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Celebrating 100 years of women's suffrage

"Parity must be our objective"

The Chancellor has praised the introduction of women’s suffrage in Germany as an important "fight for what is a human right". In spite of all the progress that has been made towards achieving equality, she said, there is still a lot to do. "Quotas were important, but parity must be our objective," declared Angela Merkel at the official celebrations in Berlin, which she hosted jointly with Franziska Giffey, Federal Minister for Women.   

Chancellor Angela Merkel during a panel discussion with Raffaela Rein (left to right), Minister Franziska Giffey, Chair Nazan Gökdemir and politician Lore Maria Peschel-Gutzeit The introduction of women's suffrage in Germany was a major milestone in the history of democracy," said Angela Merkel Photo: Bundesregierung/Steins

Jacinda Ardern is an important face in gender equality from the other end of the world. The Prime Minister of New Zealand gave birth to a daughter in June. That makes her only the second woman in the world, after Pakistan’s Benazir Bhutto, to have a baby while head of government.  

Jacinda Ardern was a surprise guest at the official celebrations in the German Historical Museum in Berlin. In a video message she offered her congratulations on the 100th anniversary of the introduction of women’s suffrage in Germany. This is another area in which New Zealand was particularly progressive. In 1893 New Zealand was the first country in the world to give women the vote. Germany was one of the first European countries to do so, in 1918.

"A major milestone in history"

"That was a major milestone in the history of democracy," declared Chancellor Angela Merkel. Women at that time demonstrated great courage. As late as 1902 the Prussian Minister of the Interior explained that women were too excitable, which would be too much of an irritation for the people, so politics was not for them.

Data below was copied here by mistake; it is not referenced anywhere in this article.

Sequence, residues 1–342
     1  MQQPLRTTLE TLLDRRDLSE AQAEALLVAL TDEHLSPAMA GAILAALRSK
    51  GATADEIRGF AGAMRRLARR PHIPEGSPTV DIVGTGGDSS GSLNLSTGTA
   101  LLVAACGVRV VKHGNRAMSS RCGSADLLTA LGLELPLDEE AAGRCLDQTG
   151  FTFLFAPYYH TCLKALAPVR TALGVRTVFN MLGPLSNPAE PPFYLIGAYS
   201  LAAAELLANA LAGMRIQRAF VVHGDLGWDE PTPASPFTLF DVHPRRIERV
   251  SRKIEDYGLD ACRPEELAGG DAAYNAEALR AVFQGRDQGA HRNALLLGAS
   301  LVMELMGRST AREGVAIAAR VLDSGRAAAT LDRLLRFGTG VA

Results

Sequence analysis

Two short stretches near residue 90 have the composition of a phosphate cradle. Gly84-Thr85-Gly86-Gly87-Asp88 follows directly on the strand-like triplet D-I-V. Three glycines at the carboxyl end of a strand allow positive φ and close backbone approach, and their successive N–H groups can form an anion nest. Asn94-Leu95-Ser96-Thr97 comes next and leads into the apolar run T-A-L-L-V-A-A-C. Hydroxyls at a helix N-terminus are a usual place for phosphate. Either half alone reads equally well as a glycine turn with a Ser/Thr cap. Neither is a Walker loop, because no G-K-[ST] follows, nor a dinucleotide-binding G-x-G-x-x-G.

Angela Merkel pointed out that the trailblazers who fought for women’s suffrage back then were not fighting for a specific group but "for a human right". What was at stake was equality. "Only a society in which equality is alive and well can be a just society," said the Chancellor.    

Proud of changes

Federal Minister for Women, Franziska Giffey, said that 12 November 1918 was a date that changed Germany – for the better. "We can also be proud of what women have achieved since then".

There was a consensus at the celebrations that huge progress has been made towards gender equality in recent years.

Suffrage was only the start

"Suffrage was only the start – but it was a very important start," stressed the Chancellor. Progress cannot be said to have been rapid. She gave the example of a provision from Germany’s Civil Code under which a wife required her husband’s approval before she was allowed to work outside the house – until 1977.

A lot of progress has now been made in the working world, she reported. At the end of 2017 71.5 per cent of women aged between 15 and 64 were in work – a rise of 12 per cent as compared to 2005.

Reconciling family and professional commitments

Angela Merkel stated that a number of regulations have made it very much easier to combine family commitments with a profession. She gave the examples of the parental allowance, parental leave which can also be taken by new fathers and the legal entitlement to a place at nursery for young children.